Vans, Levi’s, Converse, Calvin Klein, and Gap are some of the many household names that have launched rainbow-colored collections to celebrate Pride Month 2021. While it is wonderful that large corporations are embracing the LGBTQIA+ community, it is important to acknowledge the chain of events and the long list of individuals who have contributed to what Pride is today. Here is an abridged timeline of the history of pride.
In 1950, homosexuals in the Los Angeles area formed the Mattachine Society as a means of advancing the cause of gay men and lesbian women in addition to providing a social outlet for the gay community. In 1953, they later changed their mission to assimilating the gay community into mainstream society. Simultaneously, several lesbian women in San Francisco founded the Daughter of Bilitis (DOB), a group with a similar mission to the Mattachine Society.
In 1952, the American Psychiatric Association included homosexuality as a mental disorder in the Diagnostic and Statistical Manual (DSM). This act widely discredited the gay community and effectively silenced many people struggling with their sexual identity.
Throughout the 50s and 60s, members of the gay community faced discrimination at the legislative level. Aside from Illinois, every state had laws in place that prohibited homosexual sex, even within the privacy of the home. “An adult convicted of the crime of having sex with another consenting adult in the privacy of his or her home could get anywhere from a light fine to five, ten, or twenty years—or even life—in prison. In 1971, twenty states had 'sex psychopath' laws that permitted the detaining of homosexuals for that reason alone” (Carter 2004).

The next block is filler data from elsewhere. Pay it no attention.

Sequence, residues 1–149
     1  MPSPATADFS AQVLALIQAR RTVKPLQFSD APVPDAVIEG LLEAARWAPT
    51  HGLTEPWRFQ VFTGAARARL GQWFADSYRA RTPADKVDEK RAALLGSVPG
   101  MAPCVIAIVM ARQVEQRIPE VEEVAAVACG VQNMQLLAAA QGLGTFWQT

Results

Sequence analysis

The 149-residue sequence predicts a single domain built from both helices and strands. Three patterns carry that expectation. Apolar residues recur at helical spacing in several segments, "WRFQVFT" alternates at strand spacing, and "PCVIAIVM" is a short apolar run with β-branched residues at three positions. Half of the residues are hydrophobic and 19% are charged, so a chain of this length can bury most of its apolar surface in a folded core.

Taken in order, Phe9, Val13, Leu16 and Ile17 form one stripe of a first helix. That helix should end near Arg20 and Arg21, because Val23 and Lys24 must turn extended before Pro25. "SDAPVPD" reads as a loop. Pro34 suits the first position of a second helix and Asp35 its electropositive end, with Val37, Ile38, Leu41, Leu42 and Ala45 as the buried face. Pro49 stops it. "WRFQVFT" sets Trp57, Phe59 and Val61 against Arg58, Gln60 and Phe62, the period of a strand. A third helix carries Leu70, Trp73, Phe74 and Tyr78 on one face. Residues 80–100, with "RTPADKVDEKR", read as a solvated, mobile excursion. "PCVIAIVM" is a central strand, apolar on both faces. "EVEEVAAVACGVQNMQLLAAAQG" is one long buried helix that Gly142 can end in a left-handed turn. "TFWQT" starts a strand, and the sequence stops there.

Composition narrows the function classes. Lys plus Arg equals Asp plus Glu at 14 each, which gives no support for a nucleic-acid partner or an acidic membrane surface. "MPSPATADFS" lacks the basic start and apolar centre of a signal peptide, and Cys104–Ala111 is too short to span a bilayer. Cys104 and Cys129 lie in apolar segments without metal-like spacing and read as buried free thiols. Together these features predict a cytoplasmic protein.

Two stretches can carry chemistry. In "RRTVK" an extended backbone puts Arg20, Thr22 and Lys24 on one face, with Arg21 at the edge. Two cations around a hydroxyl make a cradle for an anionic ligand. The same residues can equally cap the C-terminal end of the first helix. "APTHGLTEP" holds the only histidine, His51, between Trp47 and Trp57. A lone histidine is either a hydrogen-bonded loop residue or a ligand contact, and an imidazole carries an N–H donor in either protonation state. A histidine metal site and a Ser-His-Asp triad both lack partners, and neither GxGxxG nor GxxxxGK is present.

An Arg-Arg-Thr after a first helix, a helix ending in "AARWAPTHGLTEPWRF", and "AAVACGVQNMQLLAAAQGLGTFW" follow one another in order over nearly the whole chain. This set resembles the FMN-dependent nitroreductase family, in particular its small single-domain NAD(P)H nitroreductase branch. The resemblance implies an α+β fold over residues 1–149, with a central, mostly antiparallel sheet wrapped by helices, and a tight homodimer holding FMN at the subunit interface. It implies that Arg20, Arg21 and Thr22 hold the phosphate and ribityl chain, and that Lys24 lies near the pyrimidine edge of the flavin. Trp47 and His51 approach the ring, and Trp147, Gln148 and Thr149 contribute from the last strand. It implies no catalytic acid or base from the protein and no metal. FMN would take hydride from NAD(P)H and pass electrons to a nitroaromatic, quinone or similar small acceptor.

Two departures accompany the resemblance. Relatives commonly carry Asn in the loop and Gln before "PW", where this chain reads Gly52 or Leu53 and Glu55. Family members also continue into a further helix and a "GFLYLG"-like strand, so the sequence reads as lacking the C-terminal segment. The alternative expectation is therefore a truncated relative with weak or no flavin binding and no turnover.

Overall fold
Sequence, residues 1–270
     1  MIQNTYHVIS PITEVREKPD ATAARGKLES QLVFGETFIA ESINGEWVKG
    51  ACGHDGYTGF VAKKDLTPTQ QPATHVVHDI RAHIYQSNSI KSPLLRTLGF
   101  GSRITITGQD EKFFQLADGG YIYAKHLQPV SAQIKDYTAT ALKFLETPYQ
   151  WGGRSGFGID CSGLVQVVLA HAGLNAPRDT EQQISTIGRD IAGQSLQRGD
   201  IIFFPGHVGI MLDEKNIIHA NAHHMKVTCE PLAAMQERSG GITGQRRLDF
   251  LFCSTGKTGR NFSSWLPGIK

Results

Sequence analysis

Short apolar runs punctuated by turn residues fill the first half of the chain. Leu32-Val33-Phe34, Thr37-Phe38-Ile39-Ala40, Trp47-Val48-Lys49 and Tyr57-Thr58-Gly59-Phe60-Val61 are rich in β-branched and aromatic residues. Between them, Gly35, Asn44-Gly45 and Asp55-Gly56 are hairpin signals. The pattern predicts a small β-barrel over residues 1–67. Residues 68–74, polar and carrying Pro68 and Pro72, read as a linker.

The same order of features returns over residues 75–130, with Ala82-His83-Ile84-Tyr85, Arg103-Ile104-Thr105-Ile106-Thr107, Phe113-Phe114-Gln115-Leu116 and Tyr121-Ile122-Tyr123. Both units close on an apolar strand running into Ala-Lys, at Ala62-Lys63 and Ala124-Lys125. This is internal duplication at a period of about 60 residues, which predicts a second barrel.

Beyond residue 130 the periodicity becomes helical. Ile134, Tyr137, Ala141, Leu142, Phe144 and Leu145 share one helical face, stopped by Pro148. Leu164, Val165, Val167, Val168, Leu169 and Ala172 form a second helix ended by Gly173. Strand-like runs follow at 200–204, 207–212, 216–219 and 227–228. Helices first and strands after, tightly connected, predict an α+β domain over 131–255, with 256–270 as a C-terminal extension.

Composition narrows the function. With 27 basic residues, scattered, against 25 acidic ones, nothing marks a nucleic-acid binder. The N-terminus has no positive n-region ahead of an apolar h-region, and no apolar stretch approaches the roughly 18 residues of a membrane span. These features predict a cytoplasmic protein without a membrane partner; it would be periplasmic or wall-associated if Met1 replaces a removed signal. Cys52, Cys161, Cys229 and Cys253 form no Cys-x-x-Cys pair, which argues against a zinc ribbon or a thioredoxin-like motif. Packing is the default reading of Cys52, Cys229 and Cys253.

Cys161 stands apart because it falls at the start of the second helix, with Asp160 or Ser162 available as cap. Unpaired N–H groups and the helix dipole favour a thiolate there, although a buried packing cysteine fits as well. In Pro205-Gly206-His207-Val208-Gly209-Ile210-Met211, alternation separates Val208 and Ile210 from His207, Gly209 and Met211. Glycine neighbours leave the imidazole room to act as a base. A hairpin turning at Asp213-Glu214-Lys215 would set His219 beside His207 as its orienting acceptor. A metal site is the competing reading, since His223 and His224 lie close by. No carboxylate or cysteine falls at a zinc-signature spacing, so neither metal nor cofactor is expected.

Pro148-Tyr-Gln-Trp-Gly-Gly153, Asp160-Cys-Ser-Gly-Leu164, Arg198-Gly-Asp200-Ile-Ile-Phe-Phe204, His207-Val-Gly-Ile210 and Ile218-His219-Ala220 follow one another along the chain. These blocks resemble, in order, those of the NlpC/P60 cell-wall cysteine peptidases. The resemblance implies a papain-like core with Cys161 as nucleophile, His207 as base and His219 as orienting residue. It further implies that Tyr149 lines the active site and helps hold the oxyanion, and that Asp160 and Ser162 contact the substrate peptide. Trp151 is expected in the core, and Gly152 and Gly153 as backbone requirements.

The Stonewall Riots were a series of protests and demonstrations incited by the police raid of the Stonewall Inn in Greenwich Village, New York City in 1969. The police raid on the Stonewall Inn was not a unique occurrence, as the New York City Police Department performed routine raids on gay bars throughout the 60s, however it served as the tipping point for many Greenwich residents. They finally banded together to form activist groups that sought to establish places where people could express themselves without the fear of being arrested. The Stonewall Riots are often viewed as the keystone of the gay liberation movement.
One year after the uprising, parades sprung up in New York City and San Francisco to commemorate the anniversary of the Stonewall Riots. The theme of the parades were “gay pride,” a counterpoint to the prevailing shame that many members of the gay community were forced to endure.
In 1999, President Bill Clinton declared the month of June "Gay & Lesbian Pride Month." Two Presidents, Barack Obama and Joe Biden, have also declared June as Pride month.
While the gay liberation movement had gained major traction by this point, the gay community still faced many legal obstacles in the 2000s. In 2003, the Lawrence decision decriminalized certain intimate sexual conduct between two consenting adults.
In 2015 the Obergefell decision required states to issue same-sex marriage licenses and recognize same-sex marriage licenses from other jurisdictions.
In 2020, the Bostock ruling protected employees from being discriminated against on account of being homosexual or transgender.
Over 50 years after the Stonewall Riots, there is a wide variety of Pride celebrations around the world. If you want to promote Pride in a jubilant fashion alongside thousands of other proud individuals, attend a city parade! The International Gay and Lesbian Travel Association has a calendar of international Pride events, so you can find one near you. Alternatively, you can find community forums to attend or travel to the biennial World Parade. However, you choose to celebrate, remember that Pride is far more than just rainbows.
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